10 July 2013–16 February 2014
10 July 2013–16 February 2014
by CHRISTIANA SPENS
With the explosive emergence of the London club scene in the 1980s came a new generation of fashion designers – notably John Galliano, Katharine Hamnett, Betty Jackson and Wendy Dagworthy – whose work brought the energy of their nighttimes and early mornings to an international audience. Club to Catwalk: London Fashion in the 1980s follows on from the museum’s Bowie exhibition (David Bowie Is, which runs until 11 August 2013), showing how music, pop culture and fashion all came together to create something spectacular and enduring.
Through more than 85 outfits, from club wear and fetish outfits to high fashion and internationally renowned – and infamous – pieces (such as Hamnett’s oversized T-shirt with the slogan “58% DON’T WANT PERSHING” that she wore to Downing Street to meet Margaret Thatcher in 1984), the exhibition does a great job of accounting for the beginnings of the 80s fashion scene as well as its most famous moments and figures. With a great combination of people, as well as clothes, we see the way that movements develop in fashion – through friendships and relationships, as well as fashion shows and catwalks – and how those dynamics related to wider world developments and national grievances. The recession of the early 80s and hostility towards Thatcherism gave rise to a culture of escapism and entrepreneurship. As designer Georgina Godley recalls: “Young London was all about taking risks and creating something out of nothing through passion and ambition.”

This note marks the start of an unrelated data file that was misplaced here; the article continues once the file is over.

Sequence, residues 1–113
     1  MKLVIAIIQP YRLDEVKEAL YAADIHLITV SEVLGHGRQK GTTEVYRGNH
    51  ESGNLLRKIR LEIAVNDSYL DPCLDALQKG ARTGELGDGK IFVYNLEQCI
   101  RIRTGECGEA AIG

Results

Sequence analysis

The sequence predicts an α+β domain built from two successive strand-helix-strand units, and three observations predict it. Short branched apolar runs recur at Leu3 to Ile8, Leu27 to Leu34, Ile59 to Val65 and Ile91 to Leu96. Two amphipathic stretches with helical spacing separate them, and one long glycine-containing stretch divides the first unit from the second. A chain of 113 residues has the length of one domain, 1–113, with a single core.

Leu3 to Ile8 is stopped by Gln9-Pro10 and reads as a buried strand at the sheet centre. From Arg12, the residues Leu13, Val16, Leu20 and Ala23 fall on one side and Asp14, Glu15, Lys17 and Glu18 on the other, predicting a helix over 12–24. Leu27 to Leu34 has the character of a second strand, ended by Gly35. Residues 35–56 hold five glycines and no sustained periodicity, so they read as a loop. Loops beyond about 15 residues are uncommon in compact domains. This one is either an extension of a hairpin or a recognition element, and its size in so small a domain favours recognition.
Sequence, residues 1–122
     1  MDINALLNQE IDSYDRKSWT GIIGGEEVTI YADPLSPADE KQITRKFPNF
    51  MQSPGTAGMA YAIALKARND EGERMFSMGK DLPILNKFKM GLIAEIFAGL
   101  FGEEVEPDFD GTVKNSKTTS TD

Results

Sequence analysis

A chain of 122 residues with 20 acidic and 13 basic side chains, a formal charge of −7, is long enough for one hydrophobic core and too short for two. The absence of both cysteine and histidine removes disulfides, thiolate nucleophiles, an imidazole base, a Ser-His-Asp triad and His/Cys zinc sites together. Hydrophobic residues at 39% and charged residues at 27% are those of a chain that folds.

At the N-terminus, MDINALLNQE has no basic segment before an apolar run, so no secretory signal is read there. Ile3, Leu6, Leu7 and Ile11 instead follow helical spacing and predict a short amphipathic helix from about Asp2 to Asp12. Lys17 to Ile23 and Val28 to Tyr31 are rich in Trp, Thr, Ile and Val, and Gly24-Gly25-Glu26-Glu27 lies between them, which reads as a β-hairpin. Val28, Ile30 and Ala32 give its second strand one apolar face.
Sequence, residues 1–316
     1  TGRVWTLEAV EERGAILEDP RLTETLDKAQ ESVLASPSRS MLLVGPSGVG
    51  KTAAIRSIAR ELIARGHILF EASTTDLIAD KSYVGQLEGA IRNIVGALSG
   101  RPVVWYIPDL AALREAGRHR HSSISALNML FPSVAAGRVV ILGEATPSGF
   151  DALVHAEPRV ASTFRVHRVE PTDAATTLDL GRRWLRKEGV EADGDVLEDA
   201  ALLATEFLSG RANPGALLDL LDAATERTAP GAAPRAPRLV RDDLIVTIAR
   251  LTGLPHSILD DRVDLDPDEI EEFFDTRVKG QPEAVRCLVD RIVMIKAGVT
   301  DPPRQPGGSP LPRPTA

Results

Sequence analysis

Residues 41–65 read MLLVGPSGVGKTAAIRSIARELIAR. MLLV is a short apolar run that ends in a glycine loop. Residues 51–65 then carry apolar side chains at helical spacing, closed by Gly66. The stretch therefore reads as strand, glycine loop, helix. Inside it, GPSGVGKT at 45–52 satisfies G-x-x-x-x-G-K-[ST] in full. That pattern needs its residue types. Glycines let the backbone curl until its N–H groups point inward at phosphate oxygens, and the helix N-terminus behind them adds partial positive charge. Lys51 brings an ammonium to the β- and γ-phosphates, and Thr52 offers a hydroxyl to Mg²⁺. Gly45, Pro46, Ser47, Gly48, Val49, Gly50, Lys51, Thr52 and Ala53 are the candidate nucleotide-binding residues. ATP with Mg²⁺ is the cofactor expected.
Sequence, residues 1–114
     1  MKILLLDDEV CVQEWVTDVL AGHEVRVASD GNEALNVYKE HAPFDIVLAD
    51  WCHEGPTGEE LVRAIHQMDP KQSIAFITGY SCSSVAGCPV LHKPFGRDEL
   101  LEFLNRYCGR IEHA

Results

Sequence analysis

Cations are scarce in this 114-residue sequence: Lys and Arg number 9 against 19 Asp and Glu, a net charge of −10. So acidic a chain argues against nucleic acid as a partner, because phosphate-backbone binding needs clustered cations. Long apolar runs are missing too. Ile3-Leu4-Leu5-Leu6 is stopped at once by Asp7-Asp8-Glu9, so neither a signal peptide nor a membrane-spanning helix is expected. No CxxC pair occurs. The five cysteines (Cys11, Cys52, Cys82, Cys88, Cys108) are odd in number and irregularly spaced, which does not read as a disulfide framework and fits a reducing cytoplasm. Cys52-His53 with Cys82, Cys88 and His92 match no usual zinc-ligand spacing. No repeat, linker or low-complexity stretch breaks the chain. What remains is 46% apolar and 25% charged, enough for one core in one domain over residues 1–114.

Fashion, then, is shown to be deeply rooted in the cultural and political world of its era, as well as the intimate club scene in London at that time, where counterculture gradually became the mainstream, such that many of these ideas and designs are still worn, or at least imitated, today. Magazines that started during this time – i-D and The Face, for example – also began a style and approach to fashion that persisted through the 90s and into the 21st century. This sense of community and purpose was brought about by a spirit that had its genesis – as the exhibition entertainingly shows (with a mini club area, as well as the Fetish, Goth, High Camp and New Romantics clubbing attire that were worn there) – in a specific group of friends. As fashion designer Stevie Stewart of Body Map explains: “Each group of people, whether they were fashion designers, musicians or dancers, film-makers or whatever, living together, going out together and at the same clubs ... had a passion then for creating something new ... that was almost infectious.”
One of the most interesting aspects of the exhibition is the realisation that small groups of friends, who care about their work, and have big ideas, can change the way a whole generation of young people dress, dance and live; and these ideas conceived in the 80s are still very much in circulation today. Fashion, and especially the 80s, are often dismissed as hedonistic and vacuous – but this show highlights the wider cultural significance and effect that a group of people and their subversive ideas can have, even if expressed with fetish outfits and melodrama.